by Todd Hobin, Member of Local 78 (Syracuse, NY)
A musician should protect their hearing as if their career depended on it
NOTE: The pandemic has caused a pause in live performances, but performing is not the only risk to your hearing. Listen up.
If you sit at the back of the orchestra, right in front of the percussion section, you’re a victim. Play in a rock band, you’re a victim. Drummers? Duh. But, what about the happy homeowner mowing their lawn, doing small repairs or housework? Do you ride a motorcycle, go to parties, or enjoy music in your earbuds? You are all victims. Prolonged sound over 90 decibels (dB) will cause permanent hearing damage. How long? As little as three minutes of mowing the lawn.
The tiny hair cells inside your cochlea are very sensitive. Too much volume will make them bend over and fold. Unlike some cells in your body, they will not regenerate. Long-term exposure will cause irreversible damage including tinnitus. (Musicians are 57% more likely to develop tinnitus.)
First, do no harm. Control your environment. Damaging sounds are everywhere. For example, full volume on your earbuds delivers 112 decibels. Don’t do that. Protect your hearing off the job.
May is Better Hearing Month, so what better time to think about the value of your ears? My completely unscientific field test starts in the field outside my house. I put these popular hearing protectors up against my tractor, my chainsaw, and the tools in my shop:
3M EAR Classic Earplugs. Proper insertion is essential to get their full 29dB Noise Reduction Rating (NRR). Roll them up between your thumb and forefinger into a tight little barrel. Then, using your opposite hand, reach over the top of your head and gently lift up on the top of your ear. This opens your ear canal to allow the earplug to slide in right up to the hilt. After insertion, press and hold the earplugs in your ears until they expand to fill the entire canal. This will take a little longer than you think. Be patient and make sure you have a good seal.
The most offensive sound I can think of is a circular saw cutting through a pine board. I cut through a number of boards without so much as a flinch. The EAR Classics were equally successful blocking out the sound of my chainsaw, my drill, and the massive sawmill my neighbor brought in to cut up and plank a 70-foot ash that fell in our yard. Perfect. Hair follicles saved.
The EAR Classics are reusable and you can wash them. A little soapy water does the trick. I don’t recommend them for gig use. They cut out too much sound. My rating: safe, comfortable, and inexpensive. Highly recommended.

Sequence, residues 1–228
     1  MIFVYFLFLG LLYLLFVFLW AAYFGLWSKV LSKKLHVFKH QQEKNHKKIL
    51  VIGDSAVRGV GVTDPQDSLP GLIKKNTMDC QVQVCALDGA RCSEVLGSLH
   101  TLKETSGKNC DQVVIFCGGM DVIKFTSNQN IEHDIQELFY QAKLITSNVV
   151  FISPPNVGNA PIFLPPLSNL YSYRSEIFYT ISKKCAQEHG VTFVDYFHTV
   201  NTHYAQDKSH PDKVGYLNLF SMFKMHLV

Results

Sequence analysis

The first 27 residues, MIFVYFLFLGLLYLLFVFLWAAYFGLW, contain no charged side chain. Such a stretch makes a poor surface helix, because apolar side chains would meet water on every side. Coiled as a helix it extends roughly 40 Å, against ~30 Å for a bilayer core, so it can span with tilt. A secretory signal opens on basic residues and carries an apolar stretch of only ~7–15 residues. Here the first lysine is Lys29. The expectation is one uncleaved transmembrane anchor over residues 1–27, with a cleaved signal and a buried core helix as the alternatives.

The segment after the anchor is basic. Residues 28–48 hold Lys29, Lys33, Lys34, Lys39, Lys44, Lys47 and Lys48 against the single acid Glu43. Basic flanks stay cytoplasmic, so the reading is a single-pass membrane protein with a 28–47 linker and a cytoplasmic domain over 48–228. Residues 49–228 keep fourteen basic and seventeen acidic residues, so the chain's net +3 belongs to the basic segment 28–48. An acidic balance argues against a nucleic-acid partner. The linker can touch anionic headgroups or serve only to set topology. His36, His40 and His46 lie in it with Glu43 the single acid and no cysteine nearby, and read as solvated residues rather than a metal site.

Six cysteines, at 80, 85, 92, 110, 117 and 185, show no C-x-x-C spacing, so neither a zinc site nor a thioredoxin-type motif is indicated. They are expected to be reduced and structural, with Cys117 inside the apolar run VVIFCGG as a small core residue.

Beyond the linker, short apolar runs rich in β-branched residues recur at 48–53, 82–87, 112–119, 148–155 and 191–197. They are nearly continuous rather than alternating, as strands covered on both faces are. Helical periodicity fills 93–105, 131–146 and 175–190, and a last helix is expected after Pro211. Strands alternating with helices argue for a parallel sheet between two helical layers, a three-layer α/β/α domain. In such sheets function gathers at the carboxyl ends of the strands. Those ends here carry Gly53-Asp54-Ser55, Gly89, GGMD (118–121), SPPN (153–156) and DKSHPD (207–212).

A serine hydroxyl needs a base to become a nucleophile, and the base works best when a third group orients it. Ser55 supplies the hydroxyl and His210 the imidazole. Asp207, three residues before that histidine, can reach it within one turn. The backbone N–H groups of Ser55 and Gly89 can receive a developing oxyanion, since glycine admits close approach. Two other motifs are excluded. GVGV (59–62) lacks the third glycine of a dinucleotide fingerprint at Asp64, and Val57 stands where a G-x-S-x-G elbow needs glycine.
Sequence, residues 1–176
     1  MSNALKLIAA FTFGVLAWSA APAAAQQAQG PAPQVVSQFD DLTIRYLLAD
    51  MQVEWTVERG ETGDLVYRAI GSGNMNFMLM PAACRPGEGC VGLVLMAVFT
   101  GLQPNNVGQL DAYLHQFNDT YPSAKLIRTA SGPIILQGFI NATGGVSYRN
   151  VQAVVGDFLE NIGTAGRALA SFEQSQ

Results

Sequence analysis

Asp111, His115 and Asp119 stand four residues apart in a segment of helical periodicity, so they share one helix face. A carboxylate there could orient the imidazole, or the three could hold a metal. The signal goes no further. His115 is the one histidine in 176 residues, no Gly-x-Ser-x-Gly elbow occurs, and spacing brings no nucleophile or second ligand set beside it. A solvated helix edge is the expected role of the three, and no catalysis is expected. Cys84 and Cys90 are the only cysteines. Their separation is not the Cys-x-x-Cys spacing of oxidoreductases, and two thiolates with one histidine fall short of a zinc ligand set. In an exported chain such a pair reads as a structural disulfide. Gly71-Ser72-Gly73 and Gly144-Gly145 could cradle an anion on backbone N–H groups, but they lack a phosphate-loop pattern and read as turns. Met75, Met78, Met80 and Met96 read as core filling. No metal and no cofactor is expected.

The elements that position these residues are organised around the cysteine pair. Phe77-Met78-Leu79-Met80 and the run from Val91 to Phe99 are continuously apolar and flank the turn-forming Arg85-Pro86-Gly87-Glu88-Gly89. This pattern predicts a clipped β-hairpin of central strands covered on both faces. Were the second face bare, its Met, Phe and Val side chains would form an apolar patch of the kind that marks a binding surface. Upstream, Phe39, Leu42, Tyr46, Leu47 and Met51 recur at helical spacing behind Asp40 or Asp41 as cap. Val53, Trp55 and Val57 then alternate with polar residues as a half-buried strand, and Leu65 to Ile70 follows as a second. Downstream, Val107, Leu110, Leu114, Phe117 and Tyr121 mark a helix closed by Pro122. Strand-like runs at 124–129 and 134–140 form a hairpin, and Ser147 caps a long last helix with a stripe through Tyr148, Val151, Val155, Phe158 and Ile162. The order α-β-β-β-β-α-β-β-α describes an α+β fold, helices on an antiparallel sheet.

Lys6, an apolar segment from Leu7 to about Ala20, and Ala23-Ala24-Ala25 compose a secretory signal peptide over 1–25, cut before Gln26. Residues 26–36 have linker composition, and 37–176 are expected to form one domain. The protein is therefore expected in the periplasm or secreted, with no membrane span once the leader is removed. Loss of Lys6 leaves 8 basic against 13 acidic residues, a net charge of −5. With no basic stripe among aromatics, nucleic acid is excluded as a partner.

Uline Bullet Earplugs work well, but I noticed a couple of issues. They come in a variety of colors and Noise Reductions Ratings. I used the orange 33 NRR version for my test. Many manufacturers have similar products. They are a little firmer than the Classics. Insertion technique is critical, with the pointier end going in. The longer shaft goes in deeper and in my case caused a little ear pain from time to time. After a number of days testing, I noticed what sounded like water in my ear. My audiologist pulled a nasty chunk of hardened wax out of my ear. Could that have been caused by packing bullets in my ear canal?
Be careful. I don’t recommend washing them either. The foam doesn’t hold up. Rating: safe, a little uncomfortable at times, cheap. I purchased the 200-count box. I’ll use them up.
Professional Safety Ear Muffs by Decibel Defense have an impressive 37dB NRR. Riding the tractor was quiet and comfortable from the start. But on a hot day I had a problem. It got sweaty. I found myself adjusting them quite a bit. I also couldn’t wear a wide brimmed hat. I’m Irish. I burn. I rate them safe when in position, semi-comfortable, and very dorky. www.decibeldefense.com.
For the gig, I chose three consumer devices to rate:
Earasers—The clear plastic design is unique, making them all but invisible on the gig. With a -19 dB rating, they still allow enough sound in to be of use while saving you from the big hits and overall booming sound of a rock band in full swing. My field work over the last few years involved major concert venues, small clubs, and lots of band practices. After long gigs in hot environs, I was having trouble getting them out of my ears—eventually breaking off the little wire extraction thingy. No complaints though. They served me well. Rating: safe, comfortable, not so cheap.
EarPeace HD Musicians Earplugs—I carry them with me everywhere I go. It’s been a constant field test in every environment from a huge amphitheater to a tiny stage in the corner of Shifty’s bar. I could hear everything clearly. It was just quieter. Sometimes I forget that I have them in. Even band practice is perfect. Hear what you need to, nothing more. Rating: Perfect. www.earpeace.com.
Westone makes hearing protection for shooters. They were recommended to me by a drummer. Go figure. And indeed, they have a very impressive array of products. www.westone.com. Rating: Trust the drummer.
A good musician needs a good audiologist. If you don’t have one already, get one now. You’ll want to get a baseline reading to know how much hearing you are losing over time. Find a professional audiologist near you who can make a mold of your ear canal to properly fit you with the best hearing protection for musicians. Find one at Hearingtracker.com. Rating: Pricey, but by far the best way to go.
Todd Hobin is a singer/songwriter, recording artist, studio owner, and adjunct professor in the Music Department at Le Moyne College. He has toured with the Beach Boys and the Kinks, to name a few, and has written scores for film and TV.